Seidi Erätuli from Klinik (left) and Tanja Salo from Soite were both speakers at the Future Hospital event on 15 March 2018 in Helsinki. Both of them stress the security of the service. The emergency service department cannot access the data on a medical condition until the patient arrives, and the text messages are encrypted. Photo: Jaana Tapio
The Central Ostrobothnia Joint Municipal Authority for Social and Health Services, Soite, is participating in a pilot to test the Klinik online service at the emergency department. Artificial intelligence guides patients to the right place to receive treatment.
The 78,000 inhabitants in the region of the Joint Municipal Authority for Social and Health Services, Soite, in Central Ostrobothnia can now access all the health services online. Whether emergency or non-emergency care is needed, the algorithm of the Oireapu (‘Symptom aid’) service makes a first assessment of the patient’s medical condition and guides them to the right place.
“If the symptoms point to a condition requiring emergency care, the service advises the patient to call or come to the emergency department, or call the emergency response centre. When the patient arrives at the emergency department, a medical professional assesses the need for treatment, as required by law. The first assessment produced by the algorithm assists nurses in their work”, says nurse Tanja Salo from Soite.
If the symptoms point to a non-emergency condition, the health centre contacts the patient within 1–2 weekdays.
According to Salo, it is hoped that the service will let nurses focus their time more on care instead of managing the congested telephone service. Time is also saved when the patient’s descriptions of their symptoms can be directly copied to their medical record.
Another thing that the service should help is the clarification of care pathways.
“Patients often come directly to the reception desk at the emergency department, even if their symptoms do not point to a condition requiring emergency care. We hope that the service will help to guide patients directly to the right place.”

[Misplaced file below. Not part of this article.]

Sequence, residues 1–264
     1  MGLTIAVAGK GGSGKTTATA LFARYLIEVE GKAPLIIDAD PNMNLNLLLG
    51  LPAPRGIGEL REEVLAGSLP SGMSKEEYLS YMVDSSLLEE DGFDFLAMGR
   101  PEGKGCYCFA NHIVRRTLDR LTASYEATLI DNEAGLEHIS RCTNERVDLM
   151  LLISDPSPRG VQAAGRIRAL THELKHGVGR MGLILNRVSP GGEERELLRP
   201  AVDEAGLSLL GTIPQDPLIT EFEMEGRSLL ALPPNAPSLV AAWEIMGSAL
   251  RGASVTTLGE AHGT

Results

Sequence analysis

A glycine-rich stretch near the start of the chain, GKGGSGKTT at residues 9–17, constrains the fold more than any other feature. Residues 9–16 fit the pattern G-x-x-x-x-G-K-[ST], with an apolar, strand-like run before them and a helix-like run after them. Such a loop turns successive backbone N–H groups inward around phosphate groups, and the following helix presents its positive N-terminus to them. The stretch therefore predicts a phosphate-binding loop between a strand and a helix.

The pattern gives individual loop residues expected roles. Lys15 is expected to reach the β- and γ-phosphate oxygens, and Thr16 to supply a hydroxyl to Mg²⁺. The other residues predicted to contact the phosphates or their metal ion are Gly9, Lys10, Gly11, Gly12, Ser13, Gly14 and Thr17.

For the patient, the benefit of the service lies in the fact that they can access the service from their sofa at home.
“We hope that Oireapu will reduce the patients’ lack of awareness and will make access to treatment easier, as they do not have to wait in a call queue”, Salo says.
The pilot has been running for only a few weeks, but there has already been plenty of interest. In the whole of Finland, the Klinik online service is in use at more than 80 health centres, and more than 600,000 people can access the service.
“So far, we have operated in primary healthcare and oral healthcare, and now we want to find out how the solution works in the emergency department,” says the customer success manager at Klinik, Seidi Erätuli.
According to Erätuli, the idea of Oireapu in medical conditions requiring emergency care is the same as in Klinik’s online service as a whole: when a patient accesses the service, they do not have to know whether they require emergency or non-emergency care, but the algorithm guides them to the right place.
“The difference is that patients with emergency conditions are asked to personally seek care at a medical facility, while non-emergency patients are contacted by the medical staff”, says Erätuli.
In operation from the start of 2017, the Central Ostrobothnia Joint Municipal Authority for Social and Health Services, Soite, aggregates basic and special public services, and social and healthcare services in the region. There are 10 municipalities located in the Soite area, with a population of approximately 78,000 people. The Central Ostrobothnia Central Hospital is the nearest emergency hospital for approximately 200,000 inhabitants.